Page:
Virtually the entire piece gives the impression that only physicians play any significant role in deciding what medication is appropriate, and by implication in end-of-life care generally. Physicians do have a lot of power in prescribing medications. However, advanced practice nurses, who assume roles traditionally played by physicians, often work in this area and prescribe medications. The piece gives no indication of that, and no advanced practice nurse is mentioned or consulted. In any case, it is direct care nurses who provide virtually all end-of-life care, monitoring patient conditions (especially pain), initiating and adjusting various types of care such as medication and oxygen supply, and using their psychosocial skills to address critical issues with patients and family, helping them come to terms with the eventual outcome. Nurses have led the way in efforts to provide more humane end-of-life care, for instance in the movement to shift the focus from a "do not resuscitate" model, where patients choose that, to one to "allow a natural death." In fact, for many decades, nurses have often pushed for adequate pain relief for dying patients, in the face of indifference or resistance from some physicians. The article's omission of nursing expertise and experience matters not just because it undervalues nursing, but because the piece fails to consult the health professionals who actually know the most about dying--the nurses who spend far more time caring for terminal patients than anyone else.
Indeed, nurses have strong and informed views about dying because they see so much of it. Experienced palliative care nurses develop significant expertise no one else has. There is a big difference between checking in on a dying patient for a few minutes a day, and spending hours watching that patient struggle and suffer. And there is a difference between seeing a loved one go through that during one intense period, and watching patients and families go through it countless times during a professional nursing career. Barbara Walsh, the one nurse who does appear in this piece, did not know when her patient was likely to die because she made a lucky guess; she knew because of nursing skill. Perhaps because the piece relies so heavily on physician comment, there is a kind of abstract, intellectualized quality to some of the discussion, with its focus on things like Thomas Aquinas's "double effect," theoretical ethical distinctions, and semantic considerations.
Of course, there are nurse experts fully capable of discussing the philosophical and technical drug issues the Times piece pursues. For example, Patricia Berry, PhD, APRN, FAAN, an associate professor at the University of Utah College of Nursing, is widely recognized for her work in end-of-life care and pain symptom management. Advanced practice nurse Constance Dahlin, who teaches at Massachusetts General Hospital and Harvard Medical School, has worked to develop sedation policy and a protocol for ventilator and technology withdrawal. And Kathleen Geagan Ryan, a senior hospice nurse and ordained interfaith minister, provided expert input for Cynthia McCormick's very good Cape Cod Times story in April 2009 about spiritual discussions with patients in the final days of life.
Tellingly, while the Times piece informs us of what the American Medical Association and the American Academy of Hospice and Palliative Medicine (both physician groups) think of palliative sedation, it says nothing about what the American Nurses Association or the Hospice and Palliative Nurses Association thinks. After all, what do hospice nurses really have to worry about on the big issues, professionally speaking, except to ask the physicians what to do?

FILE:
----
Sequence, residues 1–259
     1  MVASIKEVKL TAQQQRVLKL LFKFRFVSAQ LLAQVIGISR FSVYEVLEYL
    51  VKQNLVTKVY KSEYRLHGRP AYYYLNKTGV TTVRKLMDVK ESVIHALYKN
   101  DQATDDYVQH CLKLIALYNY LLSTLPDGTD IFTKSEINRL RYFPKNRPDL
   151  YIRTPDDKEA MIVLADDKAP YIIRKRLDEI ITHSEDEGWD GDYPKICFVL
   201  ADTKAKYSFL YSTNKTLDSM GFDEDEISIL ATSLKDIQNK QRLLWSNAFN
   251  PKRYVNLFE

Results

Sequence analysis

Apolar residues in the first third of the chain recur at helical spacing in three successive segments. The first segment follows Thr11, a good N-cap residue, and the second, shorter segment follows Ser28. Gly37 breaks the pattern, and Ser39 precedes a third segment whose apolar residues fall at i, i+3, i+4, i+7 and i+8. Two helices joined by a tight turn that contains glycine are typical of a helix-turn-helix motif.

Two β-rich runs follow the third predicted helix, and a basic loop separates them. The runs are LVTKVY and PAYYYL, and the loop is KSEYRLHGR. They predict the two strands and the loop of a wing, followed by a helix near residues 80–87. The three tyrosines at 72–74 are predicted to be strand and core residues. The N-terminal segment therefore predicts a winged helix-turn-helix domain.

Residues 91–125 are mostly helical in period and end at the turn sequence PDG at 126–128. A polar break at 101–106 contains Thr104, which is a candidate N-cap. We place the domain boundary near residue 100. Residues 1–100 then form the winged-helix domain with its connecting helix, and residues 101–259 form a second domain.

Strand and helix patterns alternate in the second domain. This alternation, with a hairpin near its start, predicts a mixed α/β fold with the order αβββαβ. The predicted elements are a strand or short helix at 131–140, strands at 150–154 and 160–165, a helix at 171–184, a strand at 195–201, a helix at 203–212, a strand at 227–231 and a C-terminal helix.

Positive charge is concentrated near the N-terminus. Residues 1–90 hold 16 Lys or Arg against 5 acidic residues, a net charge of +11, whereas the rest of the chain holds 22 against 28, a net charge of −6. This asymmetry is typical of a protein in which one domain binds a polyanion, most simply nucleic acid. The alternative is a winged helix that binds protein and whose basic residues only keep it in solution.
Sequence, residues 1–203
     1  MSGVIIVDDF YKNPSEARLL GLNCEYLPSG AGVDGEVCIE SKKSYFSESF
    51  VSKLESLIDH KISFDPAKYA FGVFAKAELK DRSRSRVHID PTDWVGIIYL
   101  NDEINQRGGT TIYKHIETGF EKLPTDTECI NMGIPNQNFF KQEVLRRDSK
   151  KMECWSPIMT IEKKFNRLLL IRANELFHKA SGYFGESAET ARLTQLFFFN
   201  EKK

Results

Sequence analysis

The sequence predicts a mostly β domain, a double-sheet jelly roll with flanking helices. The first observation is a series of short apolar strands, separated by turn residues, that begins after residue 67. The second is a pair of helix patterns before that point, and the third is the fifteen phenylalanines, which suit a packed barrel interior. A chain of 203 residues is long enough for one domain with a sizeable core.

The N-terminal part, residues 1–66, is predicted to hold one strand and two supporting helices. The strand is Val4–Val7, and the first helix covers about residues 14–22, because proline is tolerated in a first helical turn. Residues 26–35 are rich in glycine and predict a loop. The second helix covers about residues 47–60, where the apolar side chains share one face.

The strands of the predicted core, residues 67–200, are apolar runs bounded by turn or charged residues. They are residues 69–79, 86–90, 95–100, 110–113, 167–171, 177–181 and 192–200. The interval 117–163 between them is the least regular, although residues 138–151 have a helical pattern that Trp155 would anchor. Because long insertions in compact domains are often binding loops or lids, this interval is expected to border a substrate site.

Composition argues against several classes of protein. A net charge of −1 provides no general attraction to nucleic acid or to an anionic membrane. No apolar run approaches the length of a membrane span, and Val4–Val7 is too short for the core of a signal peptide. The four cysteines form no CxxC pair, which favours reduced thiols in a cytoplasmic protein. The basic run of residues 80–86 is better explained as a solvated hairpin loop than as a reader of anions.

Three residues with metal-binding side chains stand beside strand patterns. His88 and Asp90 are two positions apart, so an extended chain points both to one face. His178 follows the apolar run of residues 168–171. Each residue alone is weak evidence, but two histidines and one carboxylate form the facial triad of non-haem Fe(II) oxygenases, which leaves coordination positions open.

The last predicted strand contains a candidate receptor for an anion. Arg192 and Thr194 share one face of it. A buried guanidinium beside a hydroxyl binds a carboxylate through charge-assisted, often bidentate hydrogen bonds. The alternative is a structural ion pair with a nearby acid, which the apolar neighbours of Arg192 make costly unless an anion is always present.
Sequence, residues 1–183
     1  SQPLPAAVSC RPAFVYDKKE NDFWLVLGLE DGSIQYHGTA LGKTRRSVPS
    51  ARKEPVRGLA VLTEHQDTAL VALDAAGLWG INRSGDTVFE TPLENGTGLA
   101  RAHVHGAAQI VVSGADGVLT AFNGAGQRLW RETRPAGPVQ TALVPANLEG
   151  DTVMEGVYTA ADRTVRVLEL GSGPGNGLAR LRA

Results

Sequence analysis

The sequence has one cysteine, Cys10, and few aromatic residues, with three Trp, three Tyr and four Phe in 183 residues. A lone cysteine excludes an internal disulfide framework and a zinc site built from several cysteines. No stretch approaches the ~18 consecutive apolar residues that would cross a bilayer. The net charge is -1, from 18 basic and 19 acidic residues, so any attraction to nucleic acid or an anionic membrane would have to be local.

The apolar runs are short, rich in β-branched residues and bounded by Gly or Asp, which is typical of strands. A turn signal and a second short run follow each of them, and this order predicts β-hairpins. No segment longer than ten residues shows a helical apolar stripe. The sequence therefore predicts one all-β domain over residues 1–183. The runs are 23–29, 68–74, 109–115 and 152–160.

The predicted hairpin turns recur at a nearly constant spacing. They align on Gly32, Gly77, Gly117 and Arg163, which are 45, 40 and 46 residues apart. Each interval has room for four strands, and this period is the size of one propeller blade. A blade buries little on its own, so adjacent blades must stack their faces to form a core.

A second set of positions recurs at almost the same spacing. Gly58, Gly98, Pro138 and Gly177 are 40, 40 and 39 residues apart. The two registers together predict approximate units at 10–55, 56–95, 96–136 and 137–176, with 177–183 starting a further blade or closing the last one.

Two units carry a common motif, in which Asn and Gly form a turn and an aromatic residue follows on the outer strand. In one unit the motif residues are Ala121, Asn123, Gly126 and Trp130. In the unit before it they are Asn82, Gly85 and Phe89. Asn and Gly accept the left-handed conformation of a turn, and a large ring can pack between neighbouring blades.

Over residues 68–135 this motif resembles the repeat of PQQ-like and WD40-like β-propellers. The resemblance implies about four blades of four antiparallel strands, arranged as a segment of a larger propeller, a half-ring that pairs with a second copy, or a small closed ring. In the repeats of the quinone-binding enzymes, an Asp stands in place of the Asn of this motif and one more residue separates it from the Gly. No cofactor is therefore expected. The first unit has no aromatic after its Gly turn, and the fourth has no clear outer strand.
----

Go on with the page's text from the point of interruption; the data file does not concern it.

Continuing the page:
Of course, the Times article is too sophisticated to portray physicians as omniscient gods. Indeed, the piece emphasizes Dr. Halbridge's humility regarding the limits of what medicine can do for patients and the need for physicians to accept that sometimes terminal sedation is the best care:
[Halbridge] then told a self-deprecating joke about a doctor who gets to the gates of heaven and demands to jump to the head of the line, only to be turned back by St. Peter. But St. Peter opens the gates to someone else carrying a doctor's bag. "That's God," St. Peter explains. "He just thinks he's a doctor."
That familiar joke says a lot about how physicians see themselves and how society sees them. But the reminder that physicians are not God, and that the good ones realize that, only makes the underlying physician-centric messages more persuasive, as often occurs on television hospital dramas. No reader could come away from this article with the impression that nurses have any real expertise in end-of-life care, or that they play any role in it except to help physicians. So the report still supports the notion that physicians, though not technically divine, are the masters of all health care, and that no one else need be consulted in a story about any health care subject.
Responsible news articles on end-of-life care should reflect the reality of that care, rather than reinforcing physician-centric assumptions that make it harder for nurses and other health workers to do their jobs. We hope the Times will try to do better in the future.
See the article:
Please email Anemona Hartocollis and ask her to improve her depiction of nurses in future pieces. Click here to see Ms. Hartoicollis's page, then click on the "Send an E-Mail to Anemona Hartocollis" just below her name. And please send us copy of your letter at firstname.lastname@example.org. Thank you!
See the article "Months to Live: Hard Choice for a Comfortable Death: Sedation" by Anemona Hartocollis posted on the New York Times site on December 26, 2009.